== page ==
By Jay Powell
The latest news coming out of the national Sierra Club office- at a time when there are major climate change initiatives underway and the City is about to elect a new Mayor- is just not funny. San Diego and Imperial County members are receiving letters from the chairman of the national Sierra Club, David Scott, informing them that they are considering a formal suspension of the Chapter Executive Committee due to “internal conflicts and divisions.”
In an update report, UT San Diego environmental reporter Deborah Sullivan Brennan outlines some of the recent history of changes in chapter leadership, notes cases of suspension of other chapters within the last several years, and refers to a lawsuit filed against the national organization by a former chapter chairman who was removed by the national organization in September 2012 over what are still undisclosed reasons. (“Sierra Club Chapter Struggling with High Leadership Turnover”) That former leader has filed a law suit is claiming defamation and seeking due process to include a disclosure of whatever claims were made that led to his removal.
The letter to members cites complaints and that “factionalized strife and contention has driven away key activists and reached a critical point.” While the extensive local outings and conservation protection programs have and will continue, one of the current Chapter Executive Committee members, Bill Powers has noted that the national intervention in chapter affairs and business in September 2012 has “created a negative dynamic.”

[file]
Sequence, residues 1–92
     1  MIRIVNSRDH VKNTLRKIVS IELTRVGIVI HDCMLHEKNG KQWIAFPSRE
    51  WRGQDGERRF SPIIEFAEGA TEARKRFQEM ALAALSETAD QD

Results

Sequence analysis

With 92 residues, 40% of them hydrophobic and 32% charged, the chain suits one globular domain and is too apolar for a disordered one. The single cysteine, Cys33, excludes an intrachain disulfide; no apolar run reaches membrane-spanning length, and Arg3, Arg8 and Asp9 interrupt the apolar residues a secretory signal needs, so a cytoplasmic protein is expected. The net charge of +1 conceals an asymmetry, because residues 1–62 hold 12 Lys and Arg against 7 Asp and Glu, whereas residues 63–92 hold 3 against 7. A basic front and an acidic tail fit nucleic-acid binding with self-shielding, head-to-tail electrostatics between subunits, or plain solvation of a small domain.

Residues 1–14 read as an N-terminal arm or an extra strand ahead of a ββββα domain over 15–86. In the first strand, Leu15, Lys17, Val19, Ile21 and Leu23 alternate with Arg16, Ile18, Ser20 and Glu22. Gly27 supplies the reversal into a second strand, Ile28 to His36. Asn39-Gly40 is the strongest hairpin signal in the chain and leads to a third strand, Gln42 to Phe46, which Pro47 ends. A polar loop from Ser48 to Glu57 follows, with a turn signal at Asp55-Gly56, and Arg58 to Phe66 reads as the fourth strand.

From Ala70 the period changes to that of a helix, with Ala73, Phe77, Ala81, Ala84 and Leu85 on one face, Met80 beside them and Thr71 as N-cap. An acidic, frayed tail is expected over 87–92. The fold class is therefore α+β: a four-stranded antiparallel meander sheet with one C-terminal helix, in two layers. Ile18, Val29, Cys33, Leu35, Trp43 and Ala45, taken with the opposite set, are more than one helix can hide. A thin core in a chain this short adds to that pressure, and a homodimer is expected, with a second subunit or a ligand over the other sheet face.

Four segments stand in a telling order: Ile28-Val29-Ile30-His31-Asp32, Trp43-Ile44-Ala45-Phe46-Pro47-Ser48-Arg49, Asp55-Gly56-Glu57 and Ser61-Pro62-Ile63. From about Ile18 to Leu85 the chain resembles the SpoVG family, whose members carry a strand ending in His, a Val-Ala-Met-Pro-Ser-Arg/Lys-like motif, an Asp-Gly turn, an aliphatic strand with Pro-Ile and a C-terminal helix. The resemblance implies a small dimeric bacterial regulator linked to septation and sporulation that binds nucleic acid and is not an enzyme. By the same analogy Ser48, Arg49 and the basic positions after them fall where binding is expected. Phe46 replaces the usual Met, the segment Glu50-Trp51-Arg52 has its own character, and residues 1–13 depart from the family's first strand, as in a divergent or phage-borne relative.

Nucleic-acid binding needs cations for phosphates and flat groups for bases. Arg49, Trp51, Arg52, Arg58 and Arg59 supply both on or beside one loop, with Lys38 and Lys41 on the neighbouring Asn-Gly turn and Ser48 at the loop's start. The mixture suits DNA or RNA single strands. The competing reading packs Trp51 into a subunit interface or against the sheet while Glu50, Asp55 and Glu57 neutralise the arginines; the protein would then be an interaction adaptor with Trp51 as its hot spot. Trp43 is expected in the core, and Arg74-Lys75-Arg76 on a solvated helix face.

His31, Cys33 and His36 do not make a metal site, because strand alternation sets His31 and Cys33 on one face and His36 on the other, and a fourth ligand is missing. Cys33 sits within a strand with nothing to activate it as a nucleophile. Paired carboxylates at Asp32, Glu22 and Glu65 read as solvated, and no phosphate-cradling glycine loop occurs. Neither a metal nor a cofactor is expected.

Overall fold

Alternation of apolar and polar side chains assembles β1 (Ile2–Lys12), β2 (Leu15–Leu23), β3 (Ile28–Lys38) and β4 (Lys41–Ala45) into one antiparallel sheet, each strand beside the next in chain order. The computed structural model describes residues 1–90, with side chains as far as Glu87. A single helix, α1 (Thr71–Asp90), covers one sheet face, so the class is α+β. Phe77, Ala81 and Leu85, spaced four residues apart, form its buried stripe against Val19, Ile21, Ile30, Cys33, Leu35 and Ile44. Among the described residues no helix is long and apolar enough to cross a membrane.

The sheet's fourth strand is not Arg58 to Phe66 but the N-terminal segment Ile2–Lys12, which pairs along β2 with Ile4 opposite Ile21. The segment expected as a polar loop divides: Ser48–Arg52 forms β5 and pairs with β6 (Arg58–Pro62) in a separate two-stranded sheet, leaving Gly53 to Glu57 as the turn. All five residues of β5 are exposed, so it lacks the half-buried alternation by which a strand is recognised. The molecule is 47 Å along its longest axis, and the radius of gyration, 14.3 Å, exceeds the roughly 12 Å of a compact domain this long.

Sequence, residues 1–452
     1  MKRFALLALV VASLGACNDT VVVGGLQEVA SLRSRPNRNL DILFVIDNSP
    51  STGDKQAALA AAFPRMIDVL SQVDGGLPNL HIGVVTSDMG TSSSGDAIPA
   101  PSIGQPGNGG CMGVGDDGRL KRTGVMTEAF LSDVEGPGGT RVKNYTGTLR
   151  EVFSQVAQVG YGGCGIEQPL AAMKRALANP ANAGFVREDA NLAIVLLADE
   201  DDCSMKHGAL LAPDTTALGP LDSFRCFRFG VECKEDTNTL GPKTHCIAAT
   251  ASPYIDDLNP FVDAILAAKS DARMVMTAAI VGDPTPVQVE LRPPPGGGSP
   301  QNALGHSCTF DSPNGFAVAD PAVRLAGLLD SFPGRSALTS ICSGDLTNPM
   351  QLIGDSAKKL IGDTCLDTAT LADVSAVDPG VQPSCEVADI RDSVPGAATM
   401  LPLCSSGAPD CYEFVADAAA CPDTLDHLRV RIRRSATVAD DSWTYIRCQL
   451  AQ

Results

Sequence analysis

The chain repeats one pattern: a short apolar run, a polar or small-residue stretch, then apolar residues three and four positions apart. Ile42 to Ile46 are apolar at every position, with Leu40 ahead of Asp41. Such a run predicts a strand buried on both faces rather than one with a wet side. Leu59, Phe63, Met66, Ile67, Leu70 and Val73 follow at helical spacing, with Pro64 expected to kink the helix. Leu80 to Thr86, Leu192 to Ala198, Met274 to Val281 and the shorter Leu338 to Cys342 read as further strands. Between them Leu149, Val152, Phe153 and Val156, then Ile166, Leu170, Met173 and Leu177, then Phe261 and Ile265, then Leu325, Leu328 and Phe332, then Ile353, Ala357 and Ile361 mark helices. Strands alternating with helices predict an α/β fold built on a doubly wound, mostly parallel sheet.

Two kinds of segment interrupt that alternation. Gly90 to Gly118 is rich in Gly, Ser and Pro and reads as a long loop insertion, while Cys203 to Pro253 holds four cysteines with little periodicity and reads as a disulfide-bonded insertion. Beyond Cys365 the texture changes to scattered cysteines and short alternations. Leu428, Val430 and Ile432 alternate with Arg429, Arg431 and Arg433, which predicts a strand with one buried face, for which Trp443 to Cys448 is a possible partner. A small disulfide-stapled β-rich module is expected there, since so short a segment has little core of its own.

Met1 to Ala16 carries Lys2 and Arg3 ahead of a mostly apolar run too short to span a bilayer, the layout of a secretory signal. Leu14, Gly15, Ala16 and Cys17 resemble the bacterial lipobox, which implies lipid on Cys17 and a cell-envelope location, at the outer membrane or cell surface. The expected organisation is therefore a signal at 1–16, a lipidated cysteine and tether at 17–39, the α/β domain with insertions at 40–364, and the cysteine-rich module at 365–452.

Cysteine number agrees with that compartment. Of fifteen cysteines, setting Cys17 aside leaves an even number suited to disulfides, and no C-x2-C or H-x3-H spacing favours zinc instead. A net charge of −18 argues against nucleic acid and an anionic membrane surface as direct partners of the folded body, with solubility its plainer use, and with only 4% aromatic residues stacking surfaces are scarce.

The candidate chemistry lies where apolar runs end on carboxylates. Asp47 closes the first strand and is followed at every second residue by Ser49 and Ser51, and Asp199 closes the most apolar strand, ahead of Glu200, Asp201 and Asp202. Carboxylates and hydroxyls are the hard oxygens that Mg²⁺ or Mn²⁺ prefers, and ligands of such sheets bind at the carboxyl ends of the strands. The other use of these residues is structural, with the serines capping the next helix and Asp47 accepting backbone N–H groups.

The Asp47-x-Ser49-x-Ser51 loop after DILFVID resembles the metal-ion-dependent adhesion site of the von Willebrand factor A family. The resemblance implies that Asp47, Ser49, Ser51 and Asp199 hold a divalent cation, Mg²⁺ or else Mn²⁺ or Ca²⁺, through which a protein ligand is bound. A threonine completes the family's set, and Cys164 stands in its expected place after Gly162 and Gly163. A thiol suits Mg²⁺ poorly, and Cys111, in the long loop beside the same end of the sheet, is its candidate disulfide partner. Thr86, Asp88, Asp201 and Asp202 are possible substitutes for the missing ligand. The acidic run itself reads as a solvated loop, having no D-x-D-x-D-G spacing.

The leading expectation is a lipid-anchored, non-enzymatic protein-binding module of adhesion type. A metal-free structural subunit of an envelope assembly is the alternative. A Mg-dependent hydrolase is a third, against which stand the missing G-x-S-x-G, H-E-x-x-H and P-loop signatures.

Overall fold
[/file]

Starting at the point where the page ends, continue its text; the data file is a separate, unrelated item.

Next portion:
I worked as the local Sierra Club Chapter’s Conservation Coordinator in the early 1980’s when the San Diego Chapter grew along with rest of the Sierra Club in responding to not only James Watt opening wide areas of federal lands to mining and logging but fighting rampant urban sprawl development and offshore oil drilling locally. We created a broad coalition of groups and individuals to petition and pass the Managed Growth Initiative–known as Prop A–in 1985 and later helped preserve the Famosa Slough and other areas threatened by inappropriate development. The national and local membership grew exponentially during the Reagan administration.
One of the chapter leaders I had the privilege and honor of working with and for during that time was Emily Durbin. She had suspended her mid-life pursuit of a post graduate degree in hydrology to promote protection of the San Diego open spaces threatened by numerous dams. Largely and primarily through her work there are not huge dams on the Santa Margarita River near Camp Pendleton, nor in the Pamo Valley near Ramona. She passed on in 1990.
She exemplified the Sierra Club model of well informed, dedicated and effective volunteer leaders and activists. We had many other fine conservation leaders serving at that time: Verna Quinn, Joan Jackson, Bob Hartman, Jeanne Davies, and Ed Kimura to name just a few, and several more who may have passed on and whose names are hiding somewhere deep inside my hard head.
In passing decades and today there have been and continue to be local, well informed and dedicated leaders and activists. So why this problem and this national intervention?
The hearsay circuit is running rampant with rumors. They range from political infighting to conflicts of interest with persons that have other organization’s agendas as their priorities, to petty personality differences, to sensitive personnel matters. I recall that we had disputes on issues and nearly did not finish the job of qualifying our initiative petition due to differences of opinion and allocation of resources. But somehow, the local chapter worked through disputes or differences and the process outlined for decisions including political endorsements and investments in programs was allowed to work. And the Chapter was stronger for it.